By: Hasna’a Al Rantisi
Students of Majdal Bani Fadel Girls School while making heating blocks from organic waste
Exclusive to Environment and Development Horizons (Afaq magazine):
When Fa’ida Al-Shurafa (37 years old), a mother of five, graduated, she saw the full-half of the glass and did not succumb to unemployment and the frustration surrounding her. In fact, through her positive attitude, the rubble piles around her seemed as a treasure—if well utilized, that is.
Fa’ida graduated specializing in Arabic language teaching methods. Failing to secure a job, she wanted to make a better use of her time. While many ideas raced in her head, the scene of garbage and empty cartons at the entrance of her village Beita disgruntled her. The central vegetable and fruit market in Beita, the hisba, produces daily piles of paper cartons and garbage: a displeasing scene indeed for the townspeople and visitors.
The village of Beita, in Nablus governorate, has more than one working olive press, in addition to its central hisba, and carpentries that produce large amounts of waste and sawdust, more often than not, end to no purpose. Nonetheless, this is a blessing and a curse at the same time: a blessing in the sense of the economic importance of such places; and a curse because of all the waste produced.
It occurred to Fa’ida to target such places. She found that the waste is mostly paper, as merchants in Beita’s hisba throw out the empty boxes and cartons and also wasted vegetables, in which she saw a starting point of a recycling project that would benefit the environment, instead of weighing it with waste.
As the school year ended, things became clearer in Fa’ida’s head when she pupils exiting school gates and throwing away in the streets their now old-books, and exam papers. These papers could be put into a better use, thought Fa’ida.
Fa’ida’s observation also included the olive presses inevitably producing waste consisting of olive leaves, peat (jift), and other materials. She believed she could manufacture an ignitable product if she succeeds in coming up with a substance composed of multiple elements at specific ratios.
Fa’ida started putting down the plan for her initiative that is based on collecting paper and organic waste of vegetable peels and the like. She wanted to prepare a mixture of some sort, which every household can benefit of.
The sought-after material would be paper, dry bread, peels, jift and other waste from olive pressing, and sawdust. Everything will be pulverized to make "wood" blocks to be used for heating as an alternative to wood logs specifically cut for winter heating.
Female Pupils are Partners
As the saying goes, it takes two to tango. Fa’ida realized that the one sector of the society that can help her most is the same one that contributes to the production of the large amounts of waste. School paper waste poses a burden, not only to schools themselves, but also to the environment. Ironically, what was once part of the environment —as paper is made of trees—has now become a burden on it.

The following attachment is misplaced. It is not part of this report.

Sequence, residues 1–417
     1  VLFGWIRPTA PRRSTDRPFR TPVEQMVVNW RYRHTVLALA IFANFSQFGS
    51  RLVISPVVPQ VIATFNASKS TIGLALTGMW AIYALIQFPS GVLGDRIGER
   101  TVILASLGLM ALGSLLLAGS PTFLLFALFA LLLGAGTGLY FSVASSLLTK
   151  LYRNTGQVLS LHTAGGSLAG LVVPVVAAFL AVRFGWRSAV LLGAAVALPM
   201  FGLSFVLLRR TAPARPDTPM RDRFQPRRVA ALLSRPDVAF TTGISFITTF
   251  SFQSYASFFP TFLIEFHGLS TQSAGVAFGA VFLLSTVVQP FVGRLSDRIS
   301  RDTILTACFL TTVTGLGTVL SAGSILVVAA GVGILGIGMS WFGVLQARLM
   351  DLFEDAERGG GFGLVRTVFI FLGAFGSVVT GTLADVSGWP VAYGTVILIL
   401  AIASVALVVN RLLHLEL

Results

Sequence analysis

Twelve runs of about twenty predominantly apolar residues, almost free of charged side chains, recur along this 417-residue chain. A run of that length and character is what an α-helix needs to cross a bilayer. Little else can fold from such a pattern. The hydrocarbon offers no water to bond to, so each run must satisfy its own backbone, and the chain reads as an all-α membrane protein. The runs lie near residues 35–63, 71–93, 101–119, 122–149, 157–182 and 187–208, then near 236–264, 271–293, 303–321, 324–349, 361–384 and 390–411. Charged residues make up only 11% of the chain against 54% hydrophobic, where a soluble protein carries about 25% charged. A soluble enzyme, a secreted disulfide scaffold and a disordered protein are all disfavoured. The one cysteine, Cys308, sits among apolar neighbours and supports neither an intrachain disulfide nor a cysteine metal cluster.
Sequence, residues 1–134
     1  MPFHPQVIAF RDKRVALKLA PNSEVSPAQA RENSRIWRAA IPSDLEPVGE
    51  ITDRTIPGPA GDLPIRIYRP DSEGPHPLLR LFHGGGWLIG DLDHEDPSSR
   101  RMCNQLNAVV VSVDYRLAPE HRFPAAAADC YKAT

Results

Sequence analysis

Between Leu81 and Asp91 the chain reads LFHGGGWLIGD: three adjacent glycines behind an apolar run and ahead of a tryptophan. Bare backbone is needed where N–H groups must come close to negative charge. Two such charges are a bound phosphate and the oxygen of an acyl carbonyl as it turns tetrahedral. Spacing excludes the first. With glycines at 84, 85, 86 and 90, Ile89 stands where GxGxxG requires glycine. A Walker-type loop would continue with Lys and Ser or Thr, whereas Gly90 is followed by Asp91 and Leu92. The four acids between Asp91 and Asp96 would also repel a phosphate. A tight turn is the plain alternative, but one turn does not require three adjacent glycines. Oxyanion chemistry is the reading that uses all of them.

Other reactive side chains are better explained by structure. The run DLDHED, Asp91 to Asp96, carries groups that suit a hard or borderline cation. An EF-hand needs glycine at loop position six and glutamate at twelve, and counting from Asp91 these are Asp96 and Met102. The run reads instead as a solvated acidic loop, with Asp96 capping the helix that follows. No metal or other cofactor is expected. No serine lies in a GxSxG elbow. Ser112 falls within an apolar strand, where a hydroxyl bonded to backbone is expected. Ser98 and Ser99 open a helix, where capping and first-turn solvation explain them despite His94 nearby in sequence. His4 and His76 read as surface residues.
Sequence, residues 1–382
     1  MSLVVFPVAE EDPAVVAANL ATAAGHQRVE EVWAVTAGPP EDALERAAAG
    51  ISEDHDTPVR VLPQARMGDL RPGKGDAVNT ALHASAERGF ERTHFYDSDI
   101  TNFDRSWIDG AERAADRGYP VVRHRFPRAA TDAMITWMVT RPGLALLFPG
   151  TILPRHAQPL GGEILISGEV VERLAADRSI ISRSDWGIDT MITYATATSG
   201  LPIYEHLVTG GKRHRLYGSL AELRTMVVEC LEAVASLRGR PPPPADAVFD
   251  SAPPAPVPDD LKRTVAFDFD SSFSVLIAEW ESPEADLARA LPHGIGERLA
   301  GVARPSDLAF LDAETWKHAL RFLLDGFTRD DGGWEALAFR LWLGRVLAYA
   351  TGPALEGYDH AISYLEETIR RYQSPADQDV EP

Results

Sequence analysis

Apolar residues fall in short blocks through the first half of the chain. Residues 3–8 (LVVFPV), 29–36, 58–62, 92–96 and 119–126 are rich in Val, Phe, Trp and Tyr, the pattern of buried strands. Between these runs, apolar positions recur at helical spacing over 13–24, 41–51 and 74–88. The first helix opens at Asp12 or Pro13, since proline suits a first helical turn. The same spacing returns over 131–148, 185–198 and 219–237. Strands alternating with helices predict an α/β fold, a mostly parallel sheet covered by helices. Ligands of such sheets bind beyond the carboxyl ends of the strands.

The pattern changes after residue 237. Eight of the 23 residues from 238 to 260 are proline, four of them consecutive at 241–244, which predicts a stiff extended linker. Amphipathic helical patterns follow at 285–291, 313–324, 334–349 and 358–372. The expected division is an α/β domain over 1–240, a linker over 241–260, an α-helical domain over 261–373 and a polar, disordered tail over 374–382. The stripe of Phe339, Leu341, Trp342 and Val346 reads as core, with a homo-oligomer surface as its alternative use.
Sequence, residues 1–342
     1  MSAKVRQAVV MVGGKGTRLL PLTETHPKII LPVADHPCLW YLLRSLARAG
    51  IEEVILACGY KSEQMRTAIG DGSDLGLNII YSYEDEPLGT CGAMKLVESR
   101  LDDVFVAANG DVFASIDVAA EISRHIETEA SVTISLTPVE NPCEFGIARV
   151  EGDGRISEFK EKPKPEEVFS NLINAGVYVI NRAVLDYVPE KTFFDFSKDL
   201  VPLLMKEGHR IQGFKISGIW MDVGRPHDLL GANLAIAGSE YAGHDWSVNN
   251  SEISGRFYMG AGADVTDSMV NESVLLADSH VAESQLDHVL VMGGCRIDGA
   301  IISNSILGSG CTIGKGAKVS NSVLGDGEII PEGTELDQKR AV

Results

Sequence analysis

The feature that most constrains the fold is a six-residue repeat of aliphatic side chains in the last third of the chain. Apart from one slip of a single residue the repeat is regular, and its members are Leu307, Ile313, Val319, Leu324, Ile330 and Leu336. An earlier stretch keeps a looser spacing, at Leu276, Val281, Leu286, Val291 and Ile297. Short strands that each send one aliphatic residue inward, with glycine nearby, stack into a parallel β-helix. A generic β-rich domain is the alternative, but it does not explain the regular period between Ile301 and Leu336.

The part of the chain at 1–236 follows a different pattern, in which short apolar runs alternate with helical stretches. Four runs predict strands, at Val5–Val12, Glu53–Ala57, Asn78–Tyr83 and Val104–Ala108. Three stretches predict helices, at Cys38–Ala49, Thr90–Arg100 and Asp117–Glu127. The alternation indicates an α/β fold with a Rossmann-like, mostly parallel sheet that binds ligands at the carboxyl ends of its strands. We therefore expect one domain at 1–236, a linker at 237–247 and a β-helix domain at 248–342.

Fa’ida kept pondering the initiative. She tired, not once but many times, until she finally came up with a product to replace natural wood: industrial “wood” blocks that can be burned for heating and other purposes. She chose to incubate her idea at her alma mater, Majdal Bani Faadel Girls School. She was appointed after proposing her idea to the school principal, and that is how the girls were mobilized for this initiative.
The girls worked full heartedly as they gathered the paper waste, and seeing their school looking more beautiful. They also installed carton boxes in the school yard designated for collecting fruit peels and leftovers, and so, waste was sorted at source. The waste was then taken to become part of Fa’ida’s product. Ignition experiments followed, and soon after, the final outcome was realized: a product that burns well and does not emit harmful odors or toxic emission.
The ratio of different material used to produce the final substance was not a result of any chemical experiment, as Fa’ida has no expertise in chemistry. Matter of fact, the ratio was reached by trial and error, carrying out numerous relentless attempts until successfully creating a mixture that achieves good ignition and is friendly to both environment and humans.
The initiative achieved its objectives of reducing environmental pollution and wood logging, especially the cutting of olive trees, which represent the identity and history of Palestine —a strong belief of Fa’ida’s that it is our duty to be safeguarded them.
The initiative is worth being further developed and disseminated, as it adheres to specific safety regulations, and relies on reduced dependency on the other energy resources, such as firewood, gas, electricity, and oil. This is achieved by first cleaning the paper waste of leather or any plastic materials that produce toxic gases when ignited.
Translated by: Carol Khoury